If one had a story that was as yet undefined but wanted to work out the economics of a manga publication - how would one go about it?

How does one get to top artists (any artist, otherwise)? Are there any costs associated with contacting accomplished manga artists?

Where would one get access to manga artists in general?

What are the publication costs of such an endeavour likely to be? As you probably can't provide explicit monetary values, can you help me to identify the different costs associated with this venture?

  • This question appears to be off-topic because it really doesn't relate to graphic design. Jul 10, 2014 at 7:31

3 Answers 3


Start by going to your local comic book shop. Many local comic book stores have artists come in regularly for signing and sketches. A lot of employees might also moonlight as illustrators. They may not be Manga but they might be able to do it or know someone that does.

If you already have an artist in mind, drop them an email or twitter. Say you want to discussion commissioning them for a new comic you're funding. Be sure to include words like commission, funding, paid, etc... So they look at it. Otherwise you're just another guy trying to get a free piece of artwork to them.

You might also need to hire more than one artist. A lot of times one person draws, another inks, and a third does just the lettering.

Again talk to some guys at the local comic book shop. Tell them what you're looking at doing and what type of hourly rate they would charge for it. Take their business card and stay in touch with them. You're going to need fans and distribution at some point anyways.

As far as costs. This is really dependent but some factors to consider:

B/W or Color Ink, Paper Quality, Page Count, Size of Run. Depending on size of run you'll need a lawyer to speak to and make sure there's not going to be issues on that side. And finally marketing / sales / distribution.

Like DA01 said this all depends on if you're doing an actual print run or just putting it up online. Either way though if you don't promote it online or in stores then nobody will know it exists. Especially if you're paying money for it you'll want to try and generate some revenue back.

As with any new business you should expect to lose money on the first few issues. Once you get a distribution and reader base it will be easier to get your costs down, and potentially sell a page or two off for advertising.

  • If you are willing to hire someone working remotely, I'd strongly suggest to also check DeviantArt, the manga community is huge over there.
    – Yisela
    Jul 10, 2014 at 5:04

how would one go about it?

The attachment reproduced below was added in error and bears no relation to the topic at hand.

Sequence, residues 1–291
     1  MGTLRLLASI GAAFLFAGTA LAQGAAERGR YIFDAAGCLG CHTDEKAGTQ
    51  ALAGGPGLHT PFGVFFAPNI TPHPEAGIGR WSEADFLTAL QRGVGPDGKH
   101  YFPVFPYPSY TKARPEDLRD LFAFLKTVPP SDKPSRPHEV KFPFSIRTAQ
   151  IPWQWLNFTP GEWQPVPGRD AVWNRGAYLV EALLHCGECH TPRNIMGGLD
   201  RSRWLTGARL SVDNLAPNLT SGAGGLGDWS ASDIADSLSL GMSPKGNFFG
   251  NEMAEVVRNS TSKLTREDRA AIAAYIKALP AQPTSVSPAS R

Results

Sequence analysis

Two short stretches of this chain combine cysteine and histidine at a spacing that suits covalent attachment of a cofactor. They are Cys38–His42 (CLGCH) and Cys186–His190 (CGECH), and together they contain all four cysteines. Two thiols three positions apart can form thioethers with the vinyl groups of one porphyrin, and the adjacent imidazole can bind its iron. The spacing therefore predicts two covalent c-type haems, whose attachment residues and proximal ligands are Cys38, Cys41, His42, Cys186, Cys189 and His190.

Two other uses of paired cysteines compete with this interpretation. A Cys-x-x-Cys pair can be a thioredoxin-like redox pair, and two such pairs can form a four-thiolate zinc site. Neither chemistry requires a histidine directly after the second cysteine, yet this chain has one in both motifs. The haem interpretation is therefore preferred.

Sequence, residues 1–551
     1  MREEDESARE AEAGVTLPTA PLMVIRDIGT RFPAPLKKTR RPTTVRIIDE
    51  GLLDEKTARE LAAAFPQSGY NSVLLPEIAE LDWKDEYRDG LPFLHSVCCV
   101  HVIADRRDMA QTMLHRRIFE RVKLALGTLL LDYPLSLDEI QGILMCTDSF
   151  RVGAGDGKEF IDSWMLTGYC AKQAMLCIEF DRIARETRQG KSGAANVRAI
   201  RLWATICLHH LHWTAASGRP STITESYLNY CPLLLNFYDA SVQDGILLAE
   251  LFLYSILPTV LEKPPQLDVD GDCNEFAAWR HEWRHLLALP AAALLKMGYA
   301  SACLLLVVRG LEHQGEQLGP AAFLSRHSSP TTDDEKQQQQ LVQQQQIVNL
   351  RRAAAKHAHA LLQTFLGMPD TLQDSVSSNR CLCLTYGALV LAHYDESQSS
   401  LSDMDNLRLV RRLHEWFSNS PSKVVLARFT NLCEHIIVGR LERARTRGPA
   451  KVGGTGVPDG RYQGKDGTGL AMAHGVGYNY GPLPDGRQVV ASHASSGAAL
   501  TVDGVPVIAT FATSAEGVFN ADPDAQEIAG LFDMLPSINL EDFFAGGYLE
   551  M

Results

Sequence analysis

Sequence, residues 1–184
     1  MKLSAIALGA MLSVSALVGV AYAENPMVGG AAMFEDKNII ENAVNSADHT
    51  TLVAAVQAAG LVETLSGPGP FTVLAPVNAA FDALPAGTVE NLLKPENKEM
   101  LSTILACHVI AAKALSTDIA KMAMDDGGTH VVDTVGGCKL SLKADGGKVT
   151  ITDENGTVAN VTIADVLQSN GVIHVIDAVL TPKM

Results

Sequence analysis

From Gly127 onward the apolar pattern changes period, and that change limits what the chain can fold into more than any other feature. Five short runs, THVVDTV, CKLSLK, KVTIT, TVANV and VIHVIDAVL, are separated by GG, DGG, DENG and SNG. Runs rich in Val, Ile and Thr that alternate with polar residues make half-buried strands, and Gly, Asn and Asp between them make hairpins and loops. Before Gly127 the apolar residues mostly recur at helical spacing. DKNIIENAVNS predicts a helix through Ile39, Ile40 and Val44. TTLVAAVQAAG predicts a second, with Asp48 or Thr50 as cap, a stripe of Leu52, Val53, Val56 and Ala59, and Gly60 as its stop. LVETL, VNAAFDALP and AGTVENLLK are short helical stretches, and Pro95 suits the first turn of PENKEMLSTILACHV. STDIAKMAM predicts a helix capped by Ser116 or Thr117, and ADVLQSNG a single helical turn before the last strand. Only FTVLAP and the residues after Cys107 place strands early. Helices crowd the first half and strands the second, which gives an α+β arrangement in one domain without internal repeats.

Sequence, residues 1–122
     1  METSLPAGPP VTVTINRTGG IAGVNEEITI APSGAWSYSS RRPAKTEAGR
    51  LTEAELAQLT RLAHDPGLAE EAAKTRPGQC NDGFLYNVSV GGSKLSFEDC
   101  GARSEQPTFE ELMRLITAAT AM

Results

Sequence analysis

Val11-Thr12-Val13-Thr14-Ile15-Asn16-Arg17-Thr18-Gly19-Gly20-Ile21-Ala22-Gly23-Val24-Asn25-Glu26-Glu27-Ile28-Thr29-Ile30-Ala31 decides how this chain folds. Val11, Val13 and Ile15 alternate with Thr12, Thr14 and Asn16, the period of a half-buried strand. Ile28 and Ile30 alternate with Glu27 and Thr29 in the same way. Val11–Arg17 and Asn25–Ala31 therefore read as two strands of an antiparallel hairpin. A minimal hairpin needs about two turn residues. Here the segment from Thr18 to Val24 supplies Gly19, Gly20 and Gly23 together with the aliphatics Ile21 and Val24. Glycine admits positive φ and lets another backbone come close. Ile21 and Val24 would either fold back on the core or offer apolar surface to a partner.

Pretty much like you'd hire any professional. Ask around. Get recommendations. Look at previous work. Interview, etc.

any costs associated with it?

Again like any professional, you'd ask for an estimate. They'd provide that to you.

And what are the publication costs, in such an endeavor?

From free (self publish an e-book) to really really expensive (large press runs of high-end printing)


Look for/post at job boards and online portfolios, make inquiries with the ones you prefer.


There are also "digital webbing" and "penciljack", but I can't post the link as I have to register here and build a reputation to post more than 1 URL.

On these you'll probably find more artists in the "American" style (except perhaps for deviantart, which I suppose approaches 50:50).

Their rates, standards and market philosophies will vary from place to place, and also from individual. Many will react with outrage against offers of spec work, others are even inviting them. I personally think that the best way to go is to "study" the artists, see if they fit the style you want, and if they have a good reputation/reliability/resume, and then inquire about rates (if they don't have them published already), but avoid asking for spec work if they don't seem to be almost offering it already.

I can't give a thoroughly good answer about the total of publication costs. It probably depends a lot. You could produce a "finished mockup" that's good enough to get a publisher (not that it's easy), for example, but that would probably have required a larger investment in the art side. Mark Crilley is an American mangaka and, besides several videos about the "craft" aspects, he has this interview "how to get published":


I think there are other videos on the subject in his own channel.

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